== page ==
What is the etiology of autoimmune hemolytic anemia (AIHA)?

What is the etiology of microangiopathic hemolytic anemia?

What causes hemolytic anemia in paroxysmal nocturnal hemoglobinuria?

How common is hemolytic anemia?

How does the incidence of hemolytic anemia vary among races?

What is the prevalence of genetic mutations that cause hemolytic anemia among different races and ethnicities?

Is hemolytic anemia more common in males or females?

How does the incidence of hemolytic anemia vary among age groups?

What is the prognosis of hemolytic anemia?

What information about hemolytic anemia should patients receive?

Presentation

What are the signs and symptoms of hemolytic anemia?

Which medications cause hemolytic anemia?

What triggers hemolytic anemia in patients with glucose-6-phosphate dehydrogenase (G6PD) deficiency?

What nonspecific physical findings suggest hemolytic anemia?

What causes jaundice in hemolytic anemia?

What does a physical finding of splenomegaly suggest in suspected hemolytic anemia?

How is spleen size defined in the evaluation of hemolytic anemia?

Which physical findings suggest hemolytic anemia?

What are the signs and symptoms of folate deficiency in chronic hemolytic anemia?

DDX

What should be considered in the differential diagnosis of hemolytic anemia?

What are the differential diagnoses for Hemolytic Anemia?

Workup

Which blood studies are performed in the evaluation for hemolytic anemia?

What are the most sensitive tests for diagnosis of hemolytic anemia?

What is the basis for selection of lab and imaging studies in the evaluation of hemolytic anemia?

What is the role of a CBC in the evaluation of hemolytic anemia?

What does a finding of thrombocytopenia suggest in the evaluation of hemolytic anemia?

What is the role of the RBC index in the evaluation of hemolytic anemia?

When is the red blood cell distribution width (RDW) study performed in the workup of hemolytic anemia?

What is the role of a reticulocyte count in the evaluation of hemolytic anemia?

What is the role of peripheral smear findings in the evaluation of hemolytic anemia?

What is the role of an LDH study in the diagnosis of hemolytic anemia?

What does a finding of LDH elevation indicate in the workup of hemolytic anemia?

What is the role of serum haptoglobin measurement in the workup of hemolytic anemia?

What is the role of indirect bilirubin measurement in the workup of hemolytic anemia?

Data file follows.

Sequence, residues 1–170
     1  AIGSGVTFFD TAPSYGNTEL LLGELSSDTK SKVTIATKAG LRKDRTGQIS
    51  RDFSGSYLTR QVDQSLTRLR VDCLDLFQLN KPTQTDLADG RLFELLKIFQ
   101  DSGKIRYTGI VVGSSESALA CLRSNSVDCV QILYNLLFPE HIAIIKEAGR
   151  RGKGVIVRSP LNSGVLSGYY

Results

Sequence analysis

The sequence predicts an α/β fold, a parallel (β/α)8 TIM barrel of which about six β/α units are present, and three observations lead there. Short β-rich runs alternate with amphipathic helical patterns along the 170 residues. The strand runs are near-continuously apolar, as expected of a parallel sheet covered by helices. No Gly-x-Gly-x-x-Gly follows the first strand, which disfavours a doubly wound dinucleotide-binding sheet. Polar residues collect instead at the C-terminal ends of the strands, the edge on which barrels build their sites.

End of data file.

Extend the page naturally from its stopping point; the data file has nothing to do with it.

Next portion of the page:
When is red blood cell survival (chromium-51 [51 Cr] survival) performed in the evaluation of hemolytic anemia?

Which specific lab tests may be indicated in the evaluation of hemolytic anemia?

What is the role of direct antiglobulin testing in the evaluation of hemolytic anemia?

Which test may be helpful in the diagnosis of autoimmune hemolytic anemia (AIHA)?

How is the cause of dark urine determined in the workup of hemolytic anemia?

What does a finding of urine hemosiderin suggest in the evaluation of hemolytic anemia?

What is the role of cold agglutinin titer measurement in the workup of hemolytic anemia?

What is the role of G6PD screening in the evaluation of hemolytic anemia?

How is screening for sickle cell syndrome performed in the workup of hemolytic anemia?

When may other tests be indicated in the evaluation of hemolytic anemia?

Treatment

Why is prophylactic folic acid indicated in the treatment of hemolytic anemia?

When are corticosteroids indicated in the treatment of hemolytic anemia?

What is the efficacy of rituximab for the treatment of autoimmune hemolytic anemia (AIHA)?

How effective is IVIG in the treatment of autoimmune hemolytic anemia (AIHA)?

When is transfusion indicated for treatment of hemolytic anemia?

How should transfusions be performed for autoimmune hemolytic anemia (AIHA)?

How is transfusion-related iron overload treated in chronic hemolytic anemia?

What is the role of erythropoietin (EPO) in the treatment of hemolytic anemia?

Which medications should be avoided in patients with hemolytic anemia?

Which medications should be avoided in patients with G6PD deficiency-related hemolytic anemia?

When is iron therapy indicated in the treatment of hemolytic anemia?

When is splenectomy indicated in the treatment of hemolytic anemia?

What are possible complications of splenectomy in hemolytic anemia?

Which medications should be avoided in patients with G6PD deficiency-related hemolytic anemia?

In which populations are fava beans a risk factor for hemolytic anemia?

Which medications can cause immune hemolytic anemia?

Which specialist consultation is helpful in the diagnosis of hemolytic anemia?

What lab levels should be monitored in patients with hemolytic anemia?

What are treatment options for hemolytic anemia?

Medications

What are the goals of pharmacotherapy for hemolytic anemia?

Which medications in the drug class Iron Salts are used in the treatment of Hemolytic Anemia?

Which medications in the drug class Corticosteroids are used in the treatment of Hemolytic Anemia?

Which medications in the drug class Vitamins are used in the treatment of Hemolytic Anemia?